Do men go through menopause?
By Julia Layton
While andropause is a somewhat hazy diagnosis, there is a test for it. When a middle-aged man shows up with symptoms like irritability, fatigue and decreased libido, a doctor who suspects andropause will perform a blood testosterone test. Andropause is basically low testosterone. There are other changes in male sexual systems that occur with aging, like prostate enlargement (not to be confused with prostate cancer), but andropause is mostly the result of a gradual decrease in testosterone over many years.
What's considered low testosterone? In a 40-year-old man, 500 nanograms of testosterone per deciliter of blood is the mean; below 300 nanograms is considered too low [source: Gearon].
It may seem, then, that the simplest way to treat andropause is to add testosterone. And that treatment is becoming more common. Testosterone replacement therapy (TRT) is the male equivalent of hormone replacement therapy (HRT) in women. There are a variety of ways to replace testosterone in men, including injecting it, applying a cream and taking it orally. The goal is to get testosterone back up to a normal level.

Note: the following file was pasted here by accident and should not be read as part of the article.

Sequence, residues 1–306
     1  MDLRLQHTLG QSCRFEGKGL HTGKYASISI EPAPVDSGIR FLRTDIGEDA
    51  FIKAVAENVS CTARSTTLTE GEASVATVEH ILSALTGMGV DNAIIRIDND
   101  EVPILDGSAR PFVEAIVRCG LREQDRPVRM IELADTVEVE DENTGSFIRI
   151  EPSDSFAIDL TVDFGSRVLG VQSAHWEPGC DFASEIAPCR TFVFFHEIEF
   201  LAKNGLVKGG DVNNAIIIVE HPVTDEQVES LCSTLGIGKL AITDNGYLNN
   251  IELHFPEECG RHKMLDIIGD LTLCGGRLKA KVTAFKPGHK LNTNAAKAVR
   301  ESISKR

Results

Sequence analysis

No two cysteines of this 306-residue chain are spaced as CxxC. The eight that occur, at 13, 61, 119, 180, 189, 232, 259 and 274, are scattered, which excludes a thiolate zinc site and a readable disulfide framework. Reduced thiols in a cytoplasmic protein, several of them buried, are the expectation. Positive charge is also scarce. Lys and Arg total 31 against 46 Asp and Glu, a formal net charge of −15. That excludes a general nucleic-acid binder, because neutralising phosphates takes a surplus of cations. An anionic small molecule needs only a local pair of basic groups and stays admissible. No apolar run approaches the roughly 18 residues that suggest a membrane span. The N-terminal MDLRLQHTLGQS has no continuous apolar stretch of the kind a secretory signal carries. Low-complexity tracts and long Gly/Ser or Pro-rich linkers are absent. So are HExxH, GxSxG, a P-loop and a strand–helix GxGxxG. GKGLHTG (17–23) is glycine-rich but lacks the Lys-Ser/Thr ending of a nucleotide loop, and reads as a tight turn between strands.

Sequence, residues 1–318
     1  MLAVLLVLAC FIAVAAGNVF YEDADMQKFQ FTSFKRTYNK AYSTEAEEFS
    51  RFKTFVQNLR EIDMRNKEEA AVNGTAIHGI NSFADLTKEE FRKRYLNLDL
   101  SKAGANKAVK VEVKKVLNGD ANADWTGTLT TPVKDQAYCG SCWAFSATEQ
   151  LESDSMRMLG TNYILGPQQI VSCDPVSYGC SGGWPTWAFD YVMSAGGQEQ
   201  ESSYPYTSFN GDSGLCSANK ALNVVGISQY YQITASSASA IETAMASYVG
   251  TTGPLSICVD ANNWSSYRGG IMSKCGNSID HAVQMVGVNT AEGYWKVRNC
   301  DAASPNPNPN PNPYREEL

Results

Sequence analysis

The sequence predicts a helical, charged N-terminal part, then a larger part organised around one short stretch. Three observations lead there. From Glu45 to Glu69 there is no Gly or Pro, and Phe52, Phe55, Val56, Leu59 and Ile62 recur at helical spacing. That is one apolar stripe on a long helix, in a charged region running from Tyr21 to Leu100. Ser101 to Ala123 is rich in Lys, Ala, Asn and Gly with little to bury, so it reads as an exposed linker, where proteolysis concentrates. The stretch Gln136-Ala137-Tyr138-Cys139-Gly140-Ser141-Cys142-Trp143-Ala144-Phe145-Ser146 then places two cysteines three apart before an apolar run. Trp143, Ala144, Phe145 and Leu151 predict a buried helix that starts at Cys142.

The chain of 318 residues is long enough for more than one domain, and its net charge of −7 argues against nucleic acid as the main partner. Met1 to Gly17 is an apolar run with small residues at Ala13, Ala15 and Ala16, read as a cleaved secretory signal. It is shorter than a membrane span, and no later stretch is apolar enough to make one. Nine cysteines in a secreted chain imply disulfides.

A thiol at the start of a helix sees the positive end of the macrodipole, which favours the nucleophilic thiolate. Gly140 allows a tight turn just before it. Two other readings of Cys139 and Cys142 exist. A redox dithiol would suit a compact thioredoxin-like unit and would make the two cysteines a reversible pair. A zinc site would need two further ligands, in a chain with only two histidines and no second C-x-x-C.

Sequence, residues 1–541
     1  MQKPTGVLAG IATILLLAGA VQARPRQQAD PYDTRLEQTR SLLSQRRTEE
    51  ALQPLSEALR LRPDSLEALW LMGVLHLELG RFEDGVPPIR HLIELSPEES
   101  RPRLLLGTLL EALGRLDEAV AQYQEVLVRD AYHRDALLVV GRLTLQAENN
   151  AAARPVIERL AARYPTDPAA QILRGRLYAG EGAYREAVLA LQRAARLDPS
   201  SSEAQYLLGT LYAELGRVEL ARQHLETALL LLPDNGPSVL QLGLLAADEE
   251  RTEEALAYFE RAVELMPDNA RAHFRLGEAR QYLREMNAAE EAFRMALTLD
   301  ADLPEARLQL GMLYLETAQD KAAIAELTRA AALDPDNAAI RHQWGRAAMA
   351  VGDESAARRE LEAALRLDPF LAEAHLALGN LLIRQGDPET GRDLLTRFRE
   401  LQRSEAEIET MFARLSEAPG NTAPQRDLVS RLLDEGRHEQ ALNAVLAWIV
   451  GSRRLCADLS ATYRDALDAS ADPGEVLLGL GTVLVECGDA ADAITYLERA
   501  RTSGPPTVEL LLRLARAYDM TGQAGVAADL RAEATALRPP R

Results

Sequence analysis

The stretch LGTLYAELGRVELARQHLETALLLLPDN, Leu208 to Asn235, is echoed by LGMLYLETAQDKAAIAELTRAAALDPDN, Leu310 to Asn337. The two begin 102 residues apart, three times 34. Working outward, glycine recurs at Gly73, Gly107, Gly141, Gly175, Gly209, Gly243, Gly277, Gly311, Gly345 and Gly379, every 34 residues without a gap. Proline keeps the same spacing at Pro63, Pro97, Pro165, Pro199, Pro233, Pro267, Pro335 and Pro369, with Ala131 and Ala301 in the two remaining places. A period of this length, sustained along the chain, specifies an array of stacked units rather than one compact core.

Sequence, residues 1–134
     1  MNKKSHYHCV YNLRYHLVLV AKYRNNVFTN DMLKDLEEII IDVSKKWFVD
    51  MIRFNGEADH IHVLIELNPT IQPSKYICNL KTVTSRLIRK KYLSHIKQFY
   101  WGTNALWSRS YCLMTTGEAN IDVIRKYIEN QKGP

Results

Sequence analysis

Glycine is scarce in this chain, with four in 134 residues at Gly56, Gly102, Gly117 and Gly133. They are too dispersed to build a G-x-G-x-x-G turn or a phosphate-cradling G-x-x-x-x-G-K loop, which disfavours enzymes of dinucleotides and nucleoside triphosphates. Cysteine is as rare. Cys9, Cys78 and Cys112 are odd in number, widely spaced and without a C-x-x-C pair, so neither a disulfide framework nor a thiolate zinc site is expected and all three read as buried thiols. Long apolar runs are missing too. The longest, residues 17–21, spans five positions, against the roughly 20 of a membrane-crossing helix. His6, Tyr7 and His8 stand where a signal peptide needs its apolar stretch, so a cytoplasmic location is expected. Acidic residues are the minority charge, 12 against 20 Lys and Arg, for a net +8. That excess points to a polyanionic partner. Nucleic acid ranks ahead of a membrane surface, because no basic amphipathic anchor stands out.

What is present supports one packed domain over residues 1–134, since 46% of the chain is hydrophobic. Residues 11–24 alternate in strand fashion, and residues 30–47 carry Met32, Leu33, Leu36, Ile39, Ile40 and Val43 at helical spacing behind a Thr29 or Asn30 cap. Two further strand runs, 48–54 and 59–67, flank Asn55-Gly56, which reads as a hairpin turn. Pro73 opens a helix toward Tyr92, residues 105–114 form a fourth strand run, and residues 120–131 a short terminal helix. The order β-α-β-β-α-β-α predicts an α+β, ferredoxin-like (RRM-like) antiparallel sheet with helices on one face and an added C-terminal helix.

But it's not that simple. Just as HRT has been found to have serious side effects in women, like triggering certain types of breast cancer, TRT has dangers. The big one is that it can increase a man's chance of developing prostate cancer. It also turns off sperm production and has been associated with a higher occurrence of stroke.
For these reasons, most doctors don't jump to TRT as the first possible solution to the effects of andropause. Many will advise lifestyle changes, such as exercise, a healthier diet and the elimination of alcohol. Better overall health can help alleviate the symptoms of low testosterone. There are also some herbal remedies that some experts believe can help. Vitamins C and E and zinc can help increase testosterone production, while L-arginine has been associated with increasing libido.
As with many herbal treatments, there's not a whole lot of solid evidence that they do what they're supposed to, but in most cases, as long as they're approved by your doctor, they won't do any harm. And since TRT carries significant risks, it's worth a try to avoid that treatment until it's absolutely necessary.
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